How can we best help our time-pressured academics design rich blended and online courses? Digital education team has developed ABC, an effective and engaging hands-on workshop that has now been used with great success across the institution. In just 90 minutes using a game format academic teams work together to create a visual “storyboard” using cards to outline the type and sequence of learning activities, (both online and offline), required to meet the course’s learning outcomes.
Our ABC method
ABC is a rapid prototyping learning design method, built on University of Ulster’s “Viewpoints” approach and based on Diana Laurillard’s notion of six “learning types” from her well-established Conversational Framework.
- Brief presentation introducing the toolkit elements and the pedagogical rationale.
- The first task for the teams is to agree on a tweet size of the module/programme and write it on the workshop graph sheet.
- The participants then draw the rough “shape” of their programme as they envisage it initially as represented by learning types on a spider and the envisaged blend of face-to-face and online.
- Next the team design for learning by arranging the postcard-sized learning types cards along the timeline of the module, represented by a large A1 sized paper ‘canvas’.
- With this outline agreed participants turn over the cards. On the back of each card is a list of online and conventional activities associated with each learning types and the team can pick) from this list or write in their own.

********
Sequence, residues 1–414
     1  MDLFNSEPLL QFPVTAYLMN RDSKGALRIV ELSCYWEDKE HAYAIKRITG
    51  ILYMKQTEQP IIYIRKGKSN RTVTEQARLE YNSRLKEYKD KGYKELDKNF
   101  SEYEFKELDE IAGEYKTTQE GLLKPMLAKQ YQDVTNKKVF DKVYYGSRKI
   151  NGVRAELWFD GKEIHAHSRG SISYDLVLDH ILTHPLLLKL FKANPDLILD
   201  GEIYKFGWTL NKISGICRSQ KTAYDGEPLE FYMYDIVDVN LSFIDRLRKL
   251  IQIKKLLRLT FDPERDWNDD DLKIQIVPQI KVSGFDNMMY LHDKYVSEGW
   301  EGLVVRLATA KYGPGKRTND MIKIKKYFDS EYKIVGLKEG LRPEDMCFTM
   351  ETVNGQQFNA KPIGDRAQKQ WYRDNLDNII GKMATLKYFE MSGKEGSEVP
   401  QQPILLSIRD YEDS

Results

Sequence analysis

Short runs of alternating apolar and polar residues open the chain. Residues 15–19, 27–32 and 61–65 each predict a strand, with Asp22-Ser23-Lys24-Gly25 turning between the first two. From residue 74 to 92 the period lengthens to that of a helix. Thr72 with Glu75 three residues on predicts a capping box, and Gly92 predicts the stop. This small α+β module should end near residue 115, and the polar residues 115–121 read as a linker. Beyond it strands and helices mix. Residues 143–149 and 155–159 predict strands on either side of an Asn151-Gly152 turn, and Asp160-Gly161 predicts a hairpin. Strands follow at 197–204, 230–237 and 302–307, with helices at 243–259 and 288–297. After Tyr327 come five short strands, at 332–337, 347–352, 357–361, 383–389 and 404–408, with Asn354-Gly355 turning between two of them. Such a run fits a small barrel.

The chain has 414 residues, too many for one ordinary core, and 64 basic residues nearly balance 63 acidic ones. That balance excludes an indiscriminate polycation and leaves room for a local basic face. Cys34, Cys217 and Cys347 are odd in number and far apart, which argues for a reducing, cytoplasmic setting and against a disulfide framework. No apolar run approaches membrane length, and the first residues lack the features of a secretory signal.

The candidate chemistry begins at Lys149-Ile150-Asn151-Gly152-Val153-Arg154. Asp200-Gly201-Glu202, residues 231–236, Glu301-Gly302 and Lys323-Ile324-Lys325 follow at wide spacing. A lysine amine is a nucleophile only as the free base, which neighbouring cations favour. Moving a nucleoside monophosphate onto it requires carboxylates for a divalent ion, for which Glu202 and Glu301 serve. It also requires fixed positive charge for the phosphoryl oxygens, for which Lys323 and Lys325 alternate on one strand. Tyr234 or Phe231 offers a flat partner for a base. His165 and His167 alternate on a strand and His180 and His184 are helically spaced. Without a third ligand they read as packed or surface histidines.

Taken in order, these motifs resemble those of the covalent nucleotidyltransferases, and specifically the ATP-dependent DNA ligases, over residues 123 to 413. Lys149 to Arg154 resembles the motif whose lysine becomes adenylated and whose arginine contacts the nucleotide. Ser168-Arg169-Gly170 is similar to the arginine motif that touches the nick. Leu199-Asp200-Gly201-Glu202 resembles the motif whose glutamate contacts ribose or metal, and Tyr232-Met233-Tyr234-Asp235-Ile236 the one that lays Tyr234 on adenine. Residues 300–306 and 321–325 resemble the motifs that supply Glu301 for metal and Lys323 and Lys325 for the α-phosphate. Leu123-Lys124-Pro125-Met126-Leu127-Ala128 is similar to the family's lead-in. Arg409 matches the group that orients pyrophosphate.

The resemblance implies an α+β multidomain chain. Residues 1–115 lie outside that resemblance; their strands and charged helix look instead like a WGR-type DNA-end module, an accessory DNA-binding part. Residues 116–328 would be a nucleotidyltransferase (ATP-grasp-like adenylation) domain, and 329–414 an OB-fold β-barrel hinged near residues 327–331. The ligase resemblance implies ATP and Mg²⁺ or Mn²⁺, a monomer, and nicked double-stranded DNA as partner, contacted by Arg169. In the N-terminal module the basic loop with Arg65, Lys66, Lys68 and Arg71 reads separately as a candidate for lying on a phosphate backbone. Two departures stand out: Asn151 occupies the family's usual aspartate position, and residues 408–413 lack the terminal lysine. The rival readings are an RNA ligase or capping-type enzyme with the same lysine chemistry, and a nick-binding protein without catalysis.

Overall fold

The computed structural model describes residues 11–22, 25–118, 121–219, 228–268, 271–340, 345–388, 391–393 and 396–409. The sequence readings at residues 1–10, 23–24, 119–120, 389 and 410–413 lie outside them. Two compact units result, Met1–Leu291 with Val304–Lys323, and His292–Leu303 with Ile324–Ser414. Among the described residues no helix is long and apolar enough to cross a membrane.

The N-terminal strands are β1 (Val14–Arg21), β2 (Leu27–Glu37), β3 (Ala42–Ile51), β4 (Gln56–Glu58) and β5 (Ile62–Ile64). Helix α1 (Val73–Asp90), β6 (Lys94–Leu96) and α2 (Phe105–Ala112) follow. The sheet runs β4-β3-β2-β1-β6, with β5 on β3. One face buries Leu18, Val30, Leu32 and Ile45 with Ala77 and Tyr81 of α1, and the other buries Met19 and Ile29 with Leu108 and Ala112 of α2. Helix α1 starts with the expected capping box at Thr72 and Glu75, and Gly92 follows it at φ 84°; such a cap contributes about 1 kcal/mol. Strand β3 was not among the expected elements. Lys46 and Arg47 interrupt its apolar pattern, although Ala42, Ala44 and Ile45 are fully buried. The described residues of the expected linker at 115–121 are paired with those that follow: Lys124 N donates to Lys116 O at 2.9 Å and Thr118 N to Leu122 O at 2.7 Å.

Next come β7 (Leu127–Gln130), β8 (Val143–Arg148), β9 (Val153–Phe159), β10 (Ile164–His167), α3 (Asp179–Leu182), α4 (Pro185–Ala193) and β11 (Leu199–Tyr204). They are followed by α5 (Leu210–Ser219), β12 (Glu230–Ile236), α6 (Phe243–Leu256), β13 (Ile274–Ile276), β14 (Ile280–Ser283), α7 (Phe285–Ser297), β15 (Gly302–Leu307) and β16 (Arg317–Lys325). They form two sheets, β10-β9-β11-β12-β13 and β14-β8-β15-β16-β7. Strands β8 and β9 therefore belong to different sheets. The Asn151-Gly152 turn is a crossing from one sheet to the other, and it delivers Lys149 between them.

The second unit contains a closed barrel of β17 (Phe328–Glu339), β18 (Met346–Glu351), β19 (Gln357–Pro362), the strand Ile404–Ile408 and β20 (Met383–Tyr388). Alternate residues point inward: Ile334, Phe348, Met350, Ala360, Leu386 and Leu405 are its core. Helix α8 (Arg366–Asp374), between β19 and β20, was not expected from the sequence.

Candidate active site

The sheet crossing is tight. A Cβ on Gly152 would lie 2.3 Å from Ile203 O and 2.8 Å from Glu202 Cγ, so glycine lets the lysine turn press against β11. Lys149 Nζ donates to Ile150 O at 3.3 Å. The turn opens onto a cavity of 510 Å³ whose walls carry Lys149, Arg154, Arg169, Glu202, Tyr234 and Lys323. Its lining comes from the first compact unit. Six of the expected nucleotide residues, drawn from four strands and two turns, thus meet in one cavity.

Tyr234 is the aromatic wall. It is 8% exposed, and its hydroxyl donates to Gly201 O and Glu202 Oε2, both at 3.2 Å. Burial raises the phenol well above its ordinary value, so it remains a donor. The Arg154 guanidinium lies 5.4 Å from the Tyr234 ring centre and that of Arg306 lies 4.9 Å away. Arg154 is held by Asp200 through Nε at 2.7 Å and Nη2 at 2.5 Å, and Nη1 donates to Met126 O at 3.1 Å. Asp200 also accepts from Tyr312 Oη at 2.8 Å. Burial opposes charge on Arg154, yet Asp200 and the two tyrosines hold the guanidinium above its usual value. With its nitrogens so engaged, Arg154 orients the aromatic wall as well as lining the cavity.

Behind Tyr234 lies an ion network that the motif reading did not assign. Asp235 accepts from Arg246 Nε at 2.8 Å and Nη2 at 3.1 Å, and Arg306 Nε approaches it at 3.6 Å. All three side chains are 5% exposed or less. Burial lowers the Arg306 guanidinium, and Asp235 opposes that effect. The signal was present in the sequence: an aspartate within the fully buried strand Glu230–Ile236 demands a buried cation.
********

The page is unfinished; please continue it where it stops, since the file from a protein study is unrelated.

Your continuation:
- Once learning activities are selected and agreed, participants identify opportunities for formative and summative assessment, represented by affixing silver (formative) and gold (summative) stars to the activities.
- By this point module/programme development team have a visual “storyboard” of the sequence and type of learning and assessment activities on the module/programme.
Benefits of ABC
By necessity this rapid-development approach focuses on a simple set of pedagogic principles. Rather than being restrictive this has been found to generate discussion about the fundamental purposes of the programme and foregrounds the student experience. The workshop itself is structured to encourage collective discussion with a focus on collaboration and consensus. An important aspect of ABC is the staged progression from broad abstraction to concrete activities. Storyboarding provides a visual narrative that teams find easy to work with and the paper-based format encourages creativity and reworking. The cards themselves act as an aide memoire of potential activities, helping to bring pedagogic diversity to the design. Assessment and feedback become a natural element of this form of activity-based design rather than driving the module structure.
Laurillard, D. (2012). Teaching as a Design Science: Building Pedagogical Patterns for Learning and Technology. New York and London: Routledge.
University of Ulster (2012). Curriculum design workshop resources. Available online: http://wiki.ulster.ac.uk/display/VPR/Home Accessed 28 January 2016.
Young, C., Perovic, N. (2016). Rapid and Creative Course Design: As Easy as ABC? Procedia – Social and Behavioral Sciences. Volume 228, pages 390 – 395 http://www.sciencedirect.com/science/article/pii/S1877042816309843?via%3Dihub